Hetherington and Churchill came together at a dinner, hosted by Westminster, and there is little doubt that the young officer’s impossible design reignited the First Lord’s interest. Churchill himself was, above all, a realist, who dealt best with what he could see and understand. Commodore Murray Sueter, Director of the Air Department at the Admiralty, remembers Churchill storming around his office saying, “We must crush the trenches, D.A.D. It is the only way; it must be done.”

Churchill’s first effort along these lines was abortive. Two municipal steam rollers were acquired, linked up side by side and then driven like mad at a trench parapet, only to get stuck in the soft mud and sit there, belching smoke, rollers spinning, going nowhere.

News Coverage from 1918

On a more practical level the First Lord ordained an Admiralty Landships Committee, which met (for the first time in the First Lord’s rooms at the Admiralty since he had the flu) under the chairmanship of Eustace Tennyson D’Eyncourt, Director of Naval Construction, in February 1915. This committee, and the driving force behind it, was Churchill’s greatest contribution to the evolution of the tank.

The Landships Committee’s first problem was to decide upon the respective merits of wheels or caterpillar tracks. Hetherington’s huge wheeled design was simply too big, and even a half-scale version, designed by William Foster and Company in Lincoln, was rejected at an early stage. That left tracks, but tracks, as a means of crossing rough ground, were hardly known in Britain and early prototypes mostly had to be imported from the USA [from the Holt Tractor Company of Stockton, CA]. Murray Sueter educated Churchill on the properties of tracks by inviting him down to Horse Guards to push a small tracked truck around. Soon the Landships Committee had experiments going on everywhere and Churchill attended one with Lloyd George, as the following article notes, at a testing ground near Wormwood Scrubs.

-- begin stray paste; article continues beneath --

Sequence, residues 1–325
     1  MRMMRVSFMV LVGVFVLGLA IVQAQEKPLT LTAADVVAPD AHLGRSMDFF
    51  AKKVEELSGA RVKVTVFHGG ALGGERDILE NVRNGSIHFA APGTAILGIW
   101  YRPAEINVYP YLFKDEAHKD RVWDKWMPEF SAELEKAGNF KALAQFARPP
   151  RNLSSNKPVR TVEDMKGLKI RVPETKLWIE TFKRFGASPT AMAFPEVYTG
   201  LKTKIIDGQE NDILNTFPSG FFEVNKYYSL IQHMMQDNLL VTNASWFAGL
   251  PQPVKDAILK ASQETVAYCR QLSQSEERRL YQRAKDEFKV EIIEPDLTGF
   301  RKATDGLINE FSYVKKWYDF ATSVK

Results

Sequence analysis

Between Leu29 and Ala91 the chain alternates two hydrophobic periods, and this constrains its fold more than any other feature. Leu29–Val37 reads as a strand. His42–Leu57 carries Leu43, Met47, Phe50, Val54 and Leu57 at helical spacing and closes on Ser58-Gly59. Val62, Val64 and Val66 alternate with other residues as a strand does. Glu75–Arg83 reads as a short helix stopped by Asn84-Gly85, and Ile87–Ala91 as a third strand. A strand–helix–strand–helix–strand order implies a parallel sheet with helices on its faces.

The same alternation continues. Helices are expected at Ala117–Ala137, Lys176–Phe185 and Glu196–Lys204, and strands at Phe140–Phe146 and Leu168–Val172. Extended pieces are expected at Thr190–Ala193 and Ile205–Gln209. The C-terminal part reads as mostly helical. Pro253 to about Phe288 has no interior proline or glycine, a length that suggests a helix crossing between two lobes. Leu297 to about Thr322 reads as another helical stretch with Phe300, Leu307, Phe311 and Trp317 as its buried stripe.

I Could Not Find a Photo of WSC with a WWI Tank, This Is from the Next War

Even so, Churchill was better with men than machines. and his last great contribution to this saga was to appoint a pushy young merchant banker, one Albert Stern, as secretary to D’Eyncourt’s Committee. Commissioned a lieutenant in the RNAS, Stern went at it like mad, with no respect for rank or station. Stern didn’t tread on toes—he lept on them and managed to make himself very unpopular, but he got things done. A prototype machine, first known as “Little Willie,” was running by the summer of 1915. Its successor—“Big Willie” or “Mother”—the true prototype of all British World War I tanks—was completed the following December and a matter of months later, production began. As Marcus Frost relates next, tanks went into action for the first time on 15 September 1916. In the circumstances, it was an amazing feat to imagine, invent, design, and produce a brand new weapons system in so short a time.

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  1. I was intrigued by the concept that tanks had gender. This article helps explain it all, including the hermaphrodite tanks...

  2. Where does "Father of the Tank" Swinton fit in with all this?